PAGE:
The possibility of confronting cognitive disease late in life is motivating many clients and prospects to ask about long term care policies, notes Nancy Morith, president, N.P. Morith Inc., Princeton, N.J., an LTC agency.
“What drives people to buy more than anything is fear of Alzheimer’s and other dementias,” Morith says. “They want to find some way to live out their lives with dignity and grace.”
The unfortunate truth is, while medicine has learned to keep the body healthy longer, it hasn’t yet figured out how to keep the brain working, once it shows signs of failing. According to the Madison Institute, Madison, Wis., the incidence of Alzheimer’s disease–a major cause of dementia in the elderly–increases from about 3% of people aged 65 to 74 to 40% of those 85 and older.
So, increasing longevity goes hand in hand with a steady rise in Alzheimer’s and other forms of dementia, LTC experts point out.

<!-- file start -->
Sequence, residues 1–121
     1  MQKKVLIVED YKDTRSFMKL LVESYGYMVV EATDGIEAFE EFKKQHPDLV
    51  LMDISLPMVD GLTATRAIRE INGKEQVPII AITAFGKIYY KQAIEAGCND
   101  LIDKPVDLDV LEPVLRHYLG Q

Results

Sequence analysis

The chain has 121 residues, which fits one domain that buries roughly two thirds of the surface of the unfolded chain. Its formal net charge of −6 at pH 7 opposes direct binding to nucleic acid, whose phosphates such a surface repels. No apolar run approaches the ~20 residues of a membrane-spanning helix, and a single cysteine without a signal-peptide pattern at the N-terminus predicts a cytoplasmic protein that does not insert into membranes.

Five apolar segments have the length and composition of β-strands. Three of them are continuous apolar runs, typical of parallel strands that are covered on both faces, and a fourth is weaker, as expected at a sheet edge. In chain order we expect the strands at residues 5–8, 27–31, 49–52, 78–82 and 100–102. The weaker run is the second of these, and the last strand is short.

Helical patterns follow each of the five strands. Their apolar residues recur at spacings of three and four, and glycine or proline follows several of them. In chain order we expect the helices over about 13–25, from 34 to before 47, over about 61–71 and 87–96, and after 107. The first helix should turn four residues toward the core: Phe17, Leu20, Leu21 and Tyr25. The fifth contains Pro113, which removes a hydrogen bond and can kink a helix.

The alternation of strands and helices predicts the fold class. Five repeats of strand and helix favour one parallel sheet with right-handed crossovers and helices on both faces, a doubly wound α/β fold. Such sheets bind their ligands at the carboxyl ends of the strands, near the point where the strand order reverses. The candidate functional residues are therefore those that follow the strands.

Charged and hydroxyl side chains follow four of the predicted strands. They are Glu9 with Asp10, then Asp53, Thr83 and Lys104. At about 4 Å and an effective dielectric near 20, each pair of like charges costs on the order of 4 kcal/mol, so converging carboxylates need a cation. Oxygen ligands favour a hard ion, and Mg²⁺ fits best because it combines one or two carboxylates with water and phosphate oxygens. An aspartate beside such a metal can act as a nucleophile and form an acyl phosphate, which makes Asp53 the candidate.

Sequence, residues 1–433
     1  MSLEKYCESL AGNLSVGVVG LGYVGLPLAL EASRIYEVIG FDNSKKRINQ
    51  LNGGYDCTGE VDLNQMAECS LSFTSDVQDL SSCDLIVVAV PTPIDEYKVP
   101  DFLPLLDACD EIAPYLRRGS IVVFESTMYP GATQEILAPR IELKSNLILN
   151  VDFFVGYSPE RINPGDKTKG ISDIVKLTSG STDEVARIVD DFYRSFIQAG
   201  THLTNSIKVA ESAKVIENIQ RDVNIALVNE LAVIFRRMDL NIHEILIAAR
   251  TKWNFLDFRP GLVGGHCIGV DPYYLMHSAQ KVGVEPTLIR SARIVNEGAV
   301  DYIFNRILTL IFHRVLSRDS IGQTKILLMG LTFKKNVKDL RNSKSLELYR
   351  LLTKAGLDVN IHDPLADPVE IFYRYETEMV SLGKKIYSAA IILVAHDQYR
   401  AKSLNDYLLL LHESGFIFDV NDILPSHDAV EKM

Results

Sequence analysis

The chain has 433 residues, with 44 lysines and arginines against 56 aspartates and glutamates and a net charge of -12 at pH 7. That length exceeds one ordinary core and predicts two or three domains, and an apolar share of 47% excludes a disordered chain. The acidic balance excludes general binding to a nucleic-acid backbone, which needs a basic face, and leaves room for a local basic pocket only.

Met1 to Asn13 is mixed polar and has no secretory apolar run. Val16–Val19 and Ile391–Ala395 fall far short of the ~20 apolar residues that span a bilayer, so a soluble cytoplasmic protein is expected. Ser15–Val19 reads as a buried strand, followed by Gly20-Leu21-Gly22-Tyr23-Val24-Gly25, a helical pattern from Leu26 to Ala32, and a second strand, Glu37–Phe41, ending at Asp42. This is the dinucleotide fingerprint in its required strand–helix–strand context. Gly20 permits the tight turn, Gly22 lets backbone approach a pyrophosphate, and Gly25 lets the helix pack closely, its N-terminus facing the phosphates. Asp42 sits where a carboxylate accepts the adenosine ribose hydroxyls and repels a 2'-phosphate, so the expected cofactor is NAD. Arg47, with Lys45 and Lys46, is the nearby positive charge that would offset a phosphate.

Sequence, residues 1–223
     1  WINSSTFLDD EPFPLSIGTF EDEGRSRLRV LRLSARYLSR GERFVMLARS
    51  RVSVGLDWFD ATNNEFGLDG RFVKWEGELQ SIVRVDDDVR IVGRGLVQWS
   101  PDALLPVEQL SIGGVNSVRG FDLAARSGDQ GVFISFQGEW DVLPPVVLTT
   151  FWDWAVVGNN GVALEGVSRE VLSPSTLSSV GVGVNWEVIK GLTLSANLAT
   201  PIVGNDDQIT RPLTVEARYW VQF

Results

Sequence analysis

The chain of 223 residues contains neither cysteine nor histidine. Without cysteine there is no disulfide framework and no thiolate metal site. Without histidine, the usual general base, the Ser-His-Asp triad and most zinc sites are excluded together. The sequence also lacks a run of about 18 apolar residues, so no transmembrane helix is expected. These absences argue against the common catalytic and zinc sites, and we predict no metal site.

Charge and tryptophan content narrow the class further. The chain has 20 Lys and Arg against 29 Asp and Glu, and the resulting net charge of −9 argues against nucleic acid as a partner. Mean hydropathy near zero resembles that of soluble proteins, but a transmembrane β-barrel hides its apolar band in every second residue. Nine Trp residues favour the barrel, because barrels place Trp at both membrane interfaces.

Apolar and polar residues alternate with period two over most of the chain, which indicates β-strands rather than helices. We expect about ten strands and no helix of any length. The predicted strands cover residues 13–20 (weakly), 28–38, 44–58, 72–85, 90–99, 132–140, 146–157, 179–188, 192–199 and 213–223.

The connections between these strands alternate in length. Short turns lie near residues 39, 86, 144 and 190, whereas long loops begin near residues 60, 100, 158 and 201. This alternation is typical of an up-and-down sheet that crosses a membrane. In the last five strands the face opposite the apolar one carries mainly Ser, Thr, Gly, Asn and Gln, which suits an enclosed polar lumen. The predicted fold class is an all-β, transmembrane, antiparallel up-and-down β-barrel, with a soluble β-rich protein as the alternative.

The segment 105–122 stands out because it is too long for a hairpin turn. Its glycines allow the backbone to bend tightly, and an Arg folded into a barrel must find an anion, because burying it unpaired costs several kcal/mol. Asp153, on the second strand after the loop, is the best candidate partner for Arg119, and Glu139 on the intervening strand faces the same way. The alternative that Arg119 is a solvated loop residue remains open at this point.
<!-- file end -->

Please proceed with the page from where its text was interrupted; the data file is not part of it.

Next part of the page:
But while cognitive diseases may motivate many consumers to buy LTC insurance, those disorders also are pushing up its cost, one carrier’s top executive points out.
“The amount of dollars our health care system is investing in caring for Alzheimer’s is going to grow exponentially,” says Buck Stinson, president of the LTC insurance unit of Genworth Financial Inc., Richmond, Va. “Half of the claims we get today are specifically associated with Alzheimer’s.”
Finding a cure, he says, “could significantly cut the cost of long term care for everyone.” It also could dramatically reduce the cost of health care overall in the U.S., he adds.